Noor Mohammed Kunta (NMK) is as polluted as ever
On the face of it the water body looks fresh and spotless. Even if you look hard, you wouldn’t find a trace of pinkish hue. But at the bottom of it Noor Mohammed Kunta (NMK) is as polluted as ever. Tonnes of hazardous metals are still settled in the lake bed, admit Pollution Control Board (PCB) officials.
The lake located in Rajendranagar shot into fame (rather notoriety) on account of years of dumping of industrial pollutants which lent it a bright pink colour. Though a sewerage treatment plant (STP) was inaugurated with much fanfare by former Chief Minister Y.S. Rajashekhar Reddy in July 2009, the lake continues to be a cause of concern.
Residents staying around it get polluted ground water. “Whenever we operate the borewell we get oily water,” says a resident who lives in the nearby Katedan Industrial Estate.
Though a good number of the 250 polluting units situated around NMK were shifted, 59 units continue to operate. They are mostly food processing units. The STP set up by the HMDA at a cost of Rs. 6.9 crore was to treat the domestic sewage and not the industrial effluents, it is said.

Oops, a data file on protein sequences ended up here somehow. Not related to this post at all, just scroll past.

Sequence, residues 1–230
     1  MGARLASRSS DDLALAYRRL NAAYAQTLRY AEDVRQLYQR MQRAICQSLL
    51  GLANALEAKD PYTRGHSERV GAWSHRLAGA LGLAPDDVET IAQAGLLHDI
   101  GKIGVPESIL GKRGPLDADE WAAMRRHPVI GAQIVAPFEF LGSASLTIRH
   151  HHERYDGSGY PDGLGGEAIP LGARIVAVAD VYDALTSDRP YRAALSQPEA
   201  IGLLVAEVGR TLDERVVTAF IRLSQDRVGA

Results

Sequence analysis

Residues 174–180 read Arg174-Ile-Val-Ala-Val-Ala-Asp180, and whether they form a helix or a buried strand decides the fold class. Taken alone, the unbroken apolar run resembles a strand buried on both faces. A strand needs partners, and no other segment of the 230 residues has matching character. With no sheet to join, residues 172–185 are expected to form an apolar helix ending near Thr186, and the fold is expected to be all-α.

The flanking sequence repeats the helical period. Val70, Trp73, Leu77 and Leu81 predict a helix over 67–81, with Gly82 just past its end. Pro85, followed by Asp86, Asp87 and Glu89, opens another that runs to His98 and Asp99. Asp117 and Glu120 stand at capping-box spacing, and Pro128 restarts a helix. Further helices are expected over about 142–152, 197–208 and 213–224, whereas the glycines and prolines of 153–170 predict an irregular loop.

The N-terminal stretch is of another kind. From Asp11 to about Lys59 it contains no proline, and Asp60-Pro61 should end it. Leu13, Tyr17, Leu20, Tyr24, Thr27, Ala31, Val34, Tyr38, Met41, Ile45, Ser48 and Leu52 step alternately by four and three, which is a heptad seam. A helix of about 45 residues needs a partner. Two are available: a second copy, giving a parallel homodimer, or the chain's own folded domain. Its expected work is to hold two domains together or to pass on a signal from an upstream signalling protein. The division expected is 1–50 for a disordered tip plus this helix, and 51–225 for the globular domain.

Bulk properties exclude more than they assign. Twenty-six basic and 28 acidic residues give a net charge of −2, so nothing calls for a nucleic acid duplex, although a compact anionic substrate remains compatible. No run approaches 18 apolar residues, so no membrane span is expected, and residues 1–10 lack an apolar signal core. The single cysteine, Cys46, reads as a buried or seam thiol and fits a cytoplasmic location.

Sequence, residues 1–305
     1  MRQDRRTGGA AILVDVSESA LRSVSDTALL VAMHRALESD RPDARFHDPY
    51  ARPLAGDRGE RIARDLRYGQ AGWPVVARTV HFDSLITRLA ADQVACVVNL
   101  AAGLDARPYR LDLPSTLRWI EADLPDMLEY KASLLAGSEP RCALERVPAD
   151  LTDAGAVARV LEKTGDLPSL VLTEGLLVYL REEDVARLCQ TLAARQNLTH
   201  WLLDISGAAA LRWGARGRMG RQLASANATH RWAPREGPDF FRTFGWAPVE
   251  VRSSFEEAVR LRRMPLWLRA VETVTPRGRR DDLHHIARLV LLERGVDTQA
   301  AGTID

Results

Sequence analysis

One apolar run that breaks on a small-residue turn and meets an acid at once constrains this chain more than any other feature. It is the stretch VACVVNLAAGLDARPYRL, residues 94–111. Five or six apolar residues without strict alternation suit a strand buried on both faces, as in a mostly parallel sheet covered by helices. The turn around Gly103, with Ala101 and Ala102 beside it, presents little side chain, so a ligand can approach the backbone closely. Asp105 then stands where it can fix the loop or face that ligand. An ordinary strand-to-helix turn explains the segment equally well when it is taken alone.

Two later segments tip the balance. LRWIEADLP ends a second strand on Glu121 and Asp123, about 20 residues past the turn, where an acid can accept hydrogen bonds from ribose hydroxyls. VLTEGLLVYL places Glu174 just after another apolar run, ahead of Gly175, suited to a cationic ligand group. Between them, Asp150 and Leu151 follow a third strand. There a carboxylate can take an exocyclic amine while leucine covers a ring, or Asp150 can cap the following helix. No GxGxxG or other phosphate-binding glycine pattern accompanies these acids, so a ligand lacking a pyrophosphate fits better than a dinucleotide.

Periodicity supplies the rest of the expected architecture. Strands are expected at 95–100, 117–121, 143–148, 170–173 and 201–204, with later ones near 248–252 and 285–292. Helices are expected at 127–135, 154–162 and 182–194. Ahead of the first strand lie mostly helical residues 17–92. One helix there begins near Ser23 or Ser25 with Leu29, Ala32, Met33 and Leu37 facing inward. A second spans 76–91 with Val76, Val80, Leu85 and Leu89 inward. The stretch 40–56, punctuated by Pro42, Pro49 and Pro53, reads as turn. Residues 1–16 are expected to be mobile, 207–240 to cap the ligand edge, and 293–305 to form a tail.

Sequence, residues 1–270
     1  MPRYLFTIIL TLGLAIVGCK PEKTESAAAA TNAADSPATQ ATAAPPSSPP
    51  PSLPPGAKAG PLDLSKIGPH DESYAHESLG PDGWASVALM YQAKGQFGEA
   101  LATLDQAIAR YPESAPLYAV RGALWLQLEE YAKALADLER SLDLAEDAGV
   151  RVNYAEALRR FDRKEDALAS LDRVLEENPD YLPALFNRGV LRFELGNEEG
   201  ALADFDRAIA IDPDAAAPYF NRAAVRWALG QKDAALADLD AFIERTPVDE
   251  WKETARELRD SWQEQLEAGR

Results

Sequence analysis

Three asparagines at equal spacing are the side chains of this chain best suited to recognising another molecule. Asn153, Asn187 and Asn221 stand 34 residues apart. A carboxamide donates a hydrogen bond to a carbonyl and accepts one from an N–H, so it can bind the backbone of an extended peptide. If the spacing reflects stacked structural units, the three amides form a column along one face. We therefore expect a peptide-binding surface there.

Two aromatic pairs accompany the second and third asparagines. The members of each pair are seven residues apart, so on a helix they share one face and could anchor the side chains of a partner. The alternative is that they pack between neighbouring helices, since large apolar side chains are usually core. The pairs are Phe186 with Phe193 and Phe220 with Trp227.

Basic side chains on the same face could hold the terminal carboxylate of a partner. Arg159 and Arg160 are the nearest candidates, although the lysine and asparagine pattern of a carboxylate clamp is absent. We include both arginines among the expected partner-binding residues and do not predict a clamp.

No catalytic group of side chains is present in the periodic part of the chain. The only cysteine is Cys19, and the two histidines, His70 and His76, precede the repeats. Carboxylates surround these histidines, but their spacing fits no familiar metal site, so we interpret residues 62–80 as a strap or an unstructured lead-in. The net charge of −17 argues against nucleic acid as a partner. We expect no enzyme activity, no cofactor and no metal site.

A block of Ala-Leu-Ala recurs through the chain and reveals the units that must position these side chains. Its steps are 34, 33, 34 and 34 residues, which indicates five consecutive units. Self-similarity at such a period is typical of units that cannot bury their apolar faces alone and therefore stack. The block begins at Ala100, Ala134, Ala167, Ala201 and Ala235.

It was the dyes used by the textile units which led to the lake acquiring the ‘pink pond’ sobriquet. Studies conducted earlier showed that there was heavy concentration of heavy metals like lead, copper, chromium, zinc, iron, nickel, manganese.
The World Bank funded a Rs. 150-crore remediation project, which was taken up by the PCB as part of Capacity Building and Industrial Pollution Management Project (CBIPMP) to clean up NMK -- arguably one of the highly-polluted water bodies in the city.
According to Prasanna Kumar, social scientist, APPCB, the sediments in the lake bed contain high amounts of hazardous pollutants, besides considerable amount of heavy metal deposits. “Whenever it rains the pollutants find their way into the lake,” Mr. Kumar said.
Officials said the STP capacity would be upgraded to treat the industrial effluents too.